(SAN DIEGO) — At least four people died after a crowded “smuggling vessel” hit a reef and capsized off the coast of San Diego on Sunday morning, officials said.

The incident took place around 9:56 a.m. local time, when a call came in from a commercial vessel that reported there was another boat in trouble near Point Loma leading into San Diego Bay, according to Rick Romero of the San Diego Lifeguard Services.

The initial report said there was just one person aboard the distressed ship. However, rescuers said there were as many as 30 people involved. James Gartland, the lifeguard chief for the city of San Diego, said the vessel hit a reef and broke.

“There are people in the water drowning, getting sucked by currents, people on shore,” Romero told reporters at a news conference.

Seven people were in the water, and two had drowned, according to Romero. The remainder of the passengers were taken to area hospitals with conditions ranging from “hypothermia and injuries from the vessel breaking,” Romero said.

At least three people needed CPR, according to Gartland.

Weather conditions, which caused the boat to break apart, also hindered the rescue efforts, according to a source with knowledge of the investigation. There were seven-foot swells, low clouds and some rain.

Divers could not go in the water because the weather was so bad, the source told ABC News.

The U.S. Customs and Border Protection is investigating the crash since it took place in federal waters.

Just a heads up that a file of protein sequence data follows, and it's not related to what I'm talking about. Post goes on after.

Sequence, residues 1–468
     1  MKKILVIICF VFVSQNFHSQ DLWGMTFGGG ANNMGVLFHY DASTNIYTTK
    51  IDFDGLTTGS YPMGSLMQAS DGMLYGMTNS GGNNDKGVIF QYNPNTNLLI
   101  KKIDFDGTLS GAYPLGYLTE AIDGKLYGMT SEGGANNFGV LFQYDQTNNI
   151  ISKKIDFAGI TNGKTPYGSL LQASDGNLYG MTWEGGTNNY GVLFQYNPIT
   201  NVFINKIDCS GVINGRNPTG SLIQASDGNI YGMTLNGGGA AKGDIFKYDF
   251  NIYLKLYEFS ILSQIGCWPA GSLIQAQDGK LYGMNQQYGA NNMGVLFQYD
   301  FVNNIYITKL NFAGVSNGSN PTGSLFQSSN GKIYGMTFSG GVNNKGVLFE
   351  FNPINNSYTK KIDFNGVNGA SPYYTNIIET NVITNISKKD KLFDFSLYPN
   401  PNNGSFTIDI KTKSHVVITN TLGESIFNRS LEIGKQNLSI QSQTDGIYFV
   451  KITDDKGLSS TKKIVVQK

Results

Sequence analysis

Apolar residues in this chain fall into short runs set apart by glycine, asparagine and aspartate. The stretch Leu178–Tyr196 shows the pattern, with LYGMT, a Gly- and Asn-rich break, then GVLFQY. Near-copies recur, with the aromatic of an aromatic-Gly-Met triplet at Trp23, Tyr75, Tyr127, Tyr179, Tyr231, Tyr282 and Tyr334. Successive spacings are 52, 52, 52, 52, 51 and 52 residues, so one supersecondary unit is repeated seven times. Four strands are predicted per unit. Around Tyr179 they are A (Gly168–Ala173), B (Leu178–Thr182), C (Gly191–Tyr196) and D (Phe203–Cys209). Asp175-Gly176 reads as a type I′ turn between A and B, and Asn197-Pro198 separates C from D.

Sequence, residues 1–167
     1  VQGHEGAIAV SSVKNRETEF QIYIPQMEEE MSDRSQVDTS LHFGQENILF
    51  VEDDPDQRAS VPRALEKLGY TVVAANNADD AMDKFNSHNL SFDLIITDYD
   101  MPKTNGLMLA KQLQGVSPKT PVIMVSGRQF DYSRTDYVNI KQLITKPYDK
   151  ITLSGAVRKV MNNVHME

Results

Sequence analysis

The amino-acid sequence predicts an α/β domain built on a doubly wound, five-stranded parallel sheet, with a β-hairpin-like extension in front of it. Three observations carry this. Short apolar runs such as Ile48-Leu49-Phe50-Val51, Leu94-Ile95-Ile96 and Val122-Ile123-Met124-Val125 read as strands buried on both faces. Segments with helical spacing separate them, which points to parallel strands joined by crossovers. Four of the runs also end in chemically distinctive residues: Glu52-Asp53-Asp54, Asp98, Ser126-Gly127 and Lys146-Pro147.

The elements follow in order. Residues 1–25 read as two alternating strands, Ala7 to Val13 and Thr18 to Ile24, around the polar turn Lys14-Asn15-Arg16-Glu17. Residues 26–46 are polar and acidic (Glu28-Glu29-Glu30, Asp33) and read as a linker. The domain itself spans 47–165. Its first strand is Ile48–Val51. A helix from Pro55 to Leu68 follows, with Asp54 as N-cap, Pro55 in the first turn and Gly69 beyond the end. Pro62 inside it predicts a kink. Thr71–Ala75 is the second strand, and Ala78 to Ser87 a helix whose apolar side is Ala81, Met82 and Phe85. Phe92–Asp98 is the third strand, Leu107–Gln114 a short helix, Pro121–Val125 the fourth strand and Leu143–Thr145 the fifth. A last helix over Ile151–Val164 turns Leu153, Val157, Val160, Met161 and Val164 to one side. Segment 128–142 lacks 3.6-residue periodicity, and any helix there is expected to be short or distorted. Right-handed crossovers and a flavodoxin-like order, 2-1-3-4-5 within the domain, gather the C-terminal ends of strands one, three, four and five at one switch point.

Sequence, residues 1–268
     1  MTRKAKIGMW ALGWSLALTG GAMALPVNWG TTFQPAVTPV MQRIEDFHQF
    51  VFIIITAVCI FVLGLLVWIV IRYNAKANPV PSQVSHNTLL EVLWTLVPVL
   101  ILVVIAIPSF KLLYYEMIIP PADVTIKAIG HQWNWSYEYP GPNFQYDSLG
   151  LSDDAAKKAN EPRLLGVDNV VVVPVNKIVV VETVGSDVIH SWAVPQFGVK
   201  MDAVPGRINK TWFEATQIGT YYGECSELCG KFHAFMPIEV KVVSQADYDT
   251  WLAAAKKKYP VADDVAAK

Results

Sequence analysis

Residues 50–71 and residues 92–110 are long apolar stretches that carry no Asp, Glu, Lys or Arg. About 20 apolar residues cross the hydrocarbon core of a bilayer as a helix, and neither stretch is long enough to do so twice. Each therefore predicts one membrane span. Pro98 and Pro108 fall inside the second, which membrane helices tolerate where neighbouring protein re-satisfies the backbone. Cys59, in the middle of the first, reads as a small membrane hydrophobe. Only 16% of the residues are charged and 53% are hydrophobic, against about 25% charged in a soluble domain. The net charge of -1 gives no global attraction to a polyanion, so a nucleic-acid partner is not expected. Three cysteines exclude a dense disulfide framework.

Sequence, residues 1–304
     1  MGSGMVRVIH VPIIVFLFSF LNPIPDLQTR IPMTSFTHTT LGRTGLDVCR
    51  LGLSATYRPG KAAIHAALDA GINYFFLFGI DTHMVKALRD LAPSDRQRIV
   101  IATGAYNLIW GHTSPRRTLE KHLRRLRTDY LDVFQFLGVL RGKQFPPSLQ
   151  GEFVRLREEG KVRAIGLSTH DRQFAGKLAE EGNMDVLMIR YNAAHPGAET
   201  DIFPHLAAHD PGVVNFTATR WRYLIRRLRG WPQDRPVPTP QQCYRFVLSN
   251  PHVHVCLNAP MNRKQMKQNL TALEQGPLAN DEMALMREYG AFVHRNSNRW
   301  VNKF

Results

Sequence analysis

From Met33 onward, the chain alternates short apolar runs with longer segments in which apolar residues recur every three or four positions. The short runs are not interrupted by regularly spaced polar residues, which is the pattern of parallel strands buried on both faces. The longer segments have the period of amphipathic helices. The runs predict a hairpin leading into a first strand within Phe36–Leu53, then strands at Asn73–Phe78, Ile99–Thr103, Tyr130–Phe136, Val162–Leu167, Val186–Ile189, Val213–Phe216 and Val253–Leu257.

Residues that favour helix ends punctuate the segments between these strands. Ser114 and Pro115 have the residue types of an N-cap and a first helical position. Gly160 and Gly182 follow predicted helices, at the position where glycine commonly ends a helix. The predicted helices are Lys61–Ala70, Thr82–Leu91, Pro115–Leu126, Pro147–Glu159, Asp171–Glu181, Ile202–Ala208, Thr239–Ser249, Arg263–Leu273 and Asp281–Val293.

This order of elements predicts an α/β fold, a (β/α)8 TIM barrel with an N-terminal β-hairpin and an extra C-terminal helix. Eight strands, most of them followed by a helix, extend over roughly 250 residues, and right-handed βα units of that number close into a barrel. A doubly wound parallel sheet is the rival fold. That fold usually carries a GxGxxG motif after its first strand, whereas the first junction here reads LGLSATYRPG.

Jeff Stephenson, a Border Patrol agent, told reporters that the boat was a smuggling vessel, and the likely operator was in custody.

“Smugglers don’t care about the people, they only care about their pockets,” Stephenson told reporters.

Sharp Memorial Hospital and Sharp Grossmont Hospital reported receiving eight patients from the incident, with injuries mostly coming from passengers hitting rocks in the ocean, a spokesperson said in a statement. Three of the patients from Sharp Grossmont Hospital are expected to be discharged, while the remaining patients were in stable condition, the hospital said.

A spokesperson for UC San Diego Medical Center, Hillcrest said it also received eight patients, three of whom were trauma patients while the others were sent to the emergency department.

On Sunday night, the U.S. Coast Guard said in a statement that 29 have reportedly been accounted for: 24 of them who are alive, four who are dead “and one person who was last reported to be in critical condition.”

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